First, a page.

Rejuvenating Seal Coat
Rejuvenating seal coat is very cost effective in providing protection for our good pavements. This treatment is typically applied when an asphalt pavement is two to five years old. The benefit is similar to providing a protective wax coating to an enamel car paint job. These newer pavements receive a spray seal coat on the pavement surface to protect them from natural elements such as, sunlight, rain, snow, and ice. We have had success over the last 20 years by slowing down the surface deterioration (loss of fines and intermediate aggregate) of the pavement surface with this type of seal coat.
Chip seals are applied to our older pavements. These streets have lost the surface fines, but have not cracked or rutted to the extent of requiring overlay or reconstruction. This process involves cleaning the surface, providing necessary crack filling, and applying emulsified asphalt followed by rock chips. Chip seals provide additional protection from the elements, seal minor cracks, and increase skid resistance. Pavements need to be in good structural condition to be candidates for chip seal application.
Crack sealing is the first line of defense against water intrusion into the sub-surfaces (base and sub-grade) that lie below the asphalt pavement. Cracks typically appear within five years of new pavement construction. Our Colorado climate creates more cracks in asphalt pavements than many other areas of the country, based on our extreme pavement temperature fluctuations. The process requires routing cracks to an appropriate size, blowing the cracks out with heated compressed air, and filling the prepared cracks with flexible asphalt material
Major asphalt patches are required to repair failed areas in the pavement surface. We patch distressed areas such as, pot holes, alligator areas, settlements, utility trenches, and repair areas due to construction work. This process requires traffic control, removal, and replacement of the pavement. Our patching program is contracted out to a private contractor with locations city-wide.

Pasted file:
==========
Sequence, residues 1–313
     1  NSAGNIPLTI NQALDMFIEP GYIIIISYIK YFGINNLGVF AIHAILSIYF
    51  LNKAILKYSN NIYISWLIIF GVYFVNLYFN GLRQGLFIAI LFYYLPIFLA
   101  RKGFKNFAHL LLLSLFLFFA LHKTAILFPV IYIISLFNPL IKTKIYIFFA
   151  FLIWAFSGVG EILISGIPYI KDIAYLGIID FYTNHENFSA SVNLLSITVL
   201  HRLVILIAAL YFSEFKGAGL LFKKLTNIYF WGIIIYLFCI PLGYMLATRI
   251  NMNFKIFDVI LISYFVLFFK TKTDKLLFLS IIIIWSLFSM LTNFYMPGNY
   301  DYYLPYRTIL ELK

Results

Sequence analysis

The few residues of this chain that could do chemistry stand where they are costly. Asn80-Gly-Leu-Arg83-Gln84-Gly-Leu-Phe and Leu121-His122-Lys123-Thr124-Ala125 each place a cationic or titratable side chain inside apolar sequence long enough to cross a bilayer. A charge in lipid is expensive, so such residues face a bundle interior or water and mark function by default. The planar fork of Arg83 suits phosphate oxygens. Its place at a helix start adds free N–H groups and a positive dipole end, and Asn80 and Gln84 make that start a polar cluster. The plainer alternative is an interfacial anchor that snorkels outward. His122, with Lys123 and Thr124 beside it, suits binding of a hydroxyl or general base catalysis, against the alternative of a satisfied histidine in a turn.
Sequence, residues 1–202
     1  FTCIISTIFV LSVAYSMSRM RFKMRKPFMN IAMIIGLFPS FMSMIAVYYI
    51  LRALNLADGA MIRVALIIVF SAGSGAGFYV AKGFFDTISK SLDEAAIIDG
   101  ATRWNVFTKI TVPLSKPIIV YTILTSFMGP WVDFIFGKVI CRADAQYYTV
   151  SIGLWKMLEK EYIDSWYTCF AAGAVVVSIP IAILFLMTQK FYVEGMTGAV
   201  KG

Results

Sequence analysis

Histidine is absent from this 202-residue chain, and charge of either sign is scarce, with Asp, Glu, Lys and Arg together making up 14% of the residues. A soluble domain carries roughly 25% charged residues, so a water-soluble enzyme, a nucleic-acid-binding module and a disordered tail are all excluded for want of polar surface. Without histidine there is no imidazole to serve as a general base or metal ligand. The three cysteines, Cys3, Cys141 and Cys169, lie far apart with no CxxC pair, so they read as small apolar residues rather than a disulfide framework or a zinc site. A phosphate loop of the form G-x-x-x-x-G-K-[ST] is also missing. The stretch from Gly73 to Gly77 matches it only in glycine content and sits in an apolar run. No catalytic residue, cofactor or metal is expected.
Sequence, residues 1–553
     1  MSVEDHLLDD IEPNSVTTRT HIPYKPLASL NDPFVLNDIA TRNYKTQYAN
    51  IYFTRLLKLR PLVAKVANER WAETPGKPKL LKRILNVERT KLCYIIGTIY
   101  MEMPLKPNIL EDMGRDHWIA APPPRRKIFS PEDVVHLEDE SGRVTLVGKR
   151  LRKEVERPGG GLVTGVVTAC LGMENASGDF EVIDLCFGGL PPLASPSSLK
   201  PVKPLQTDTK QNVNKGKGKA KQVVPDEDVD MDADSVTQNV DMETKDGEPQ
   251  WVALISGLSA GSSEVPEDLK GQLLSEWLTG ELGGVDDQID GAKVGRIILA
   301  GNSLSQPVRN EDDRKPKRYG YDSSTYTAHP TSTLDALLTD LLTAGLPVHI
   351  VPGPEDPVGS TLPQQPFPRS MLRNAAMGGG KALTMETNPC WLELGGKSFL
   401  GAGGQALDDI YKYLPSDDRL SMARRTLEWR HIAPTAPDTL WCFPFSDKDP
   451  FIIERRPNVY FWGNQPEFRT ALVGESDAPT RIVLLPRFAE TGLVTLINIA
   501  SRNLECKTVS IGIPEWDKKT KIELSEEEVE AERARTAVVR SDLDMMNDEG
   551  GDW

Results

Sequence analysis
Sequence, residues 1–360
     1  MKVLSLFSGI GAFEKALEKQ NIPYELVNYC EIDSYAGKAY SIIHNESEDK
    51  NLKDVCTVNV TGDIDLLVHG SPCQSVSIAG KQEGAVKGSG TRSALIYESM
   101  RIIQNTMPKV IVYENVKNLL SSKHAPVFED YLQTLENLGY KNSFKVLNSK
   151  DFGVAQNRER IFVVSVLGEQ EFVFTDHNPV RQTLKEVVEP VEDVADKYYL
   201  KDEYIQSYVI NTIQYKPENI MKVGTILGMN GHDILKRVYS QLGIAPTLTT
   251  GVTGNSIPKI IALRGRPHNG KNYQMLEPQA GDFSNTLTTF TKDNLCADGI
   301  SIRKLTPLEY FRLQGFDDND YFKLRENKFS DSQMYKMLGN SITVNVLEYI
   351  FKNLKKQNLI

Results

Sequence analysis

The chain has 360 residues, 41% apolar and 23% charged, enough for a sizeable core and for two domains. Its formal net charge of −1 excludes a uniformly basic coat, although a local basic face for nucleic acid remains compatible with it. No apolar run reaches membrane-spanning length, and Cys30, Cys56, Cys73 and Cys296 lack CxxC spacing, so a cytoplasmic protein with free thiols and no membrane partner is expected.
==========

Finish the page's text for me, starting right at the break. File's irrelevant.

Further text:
The pavement overlay program provides a new pavement surface on existing streets that have deteriorated to a condition that chip sealing is not an acceptable treatment. The overlay process involves many activities. Prior to the actual overlay taking place, patching, utility adjustment, traffic signal actuators, and mandated American Disability Act (ADA) access ramp improvements need to be completed.
Most overlay projects include milling off a portion of the existing pavement surface, placement of a geo-textile paving fabric, and the application of a new asphalt pavement surface. This new asphalt surface is normally two to four inches thick. Collector and arterial streets require new striping with this kind of maintenance treatment. During the process, utility adjustments for manholes and water valve boxes are also required. Each street in the overlay process is evaluated for the type of overlay it will receive. These factors include traffic types and amounts, existing surface condition, and structural strength.
In some cases, a total or partial reconstruction needs to take place when a street has completely failed and even an overlay is not applicable. Pavement reconstruction involves all the aspects of a mill and overlay, except the pavement and base are totally removed, the underlying sub-grade soils are repaired and re-compacted, new base coarse material is constructed, and a total new pavement structure is constructed.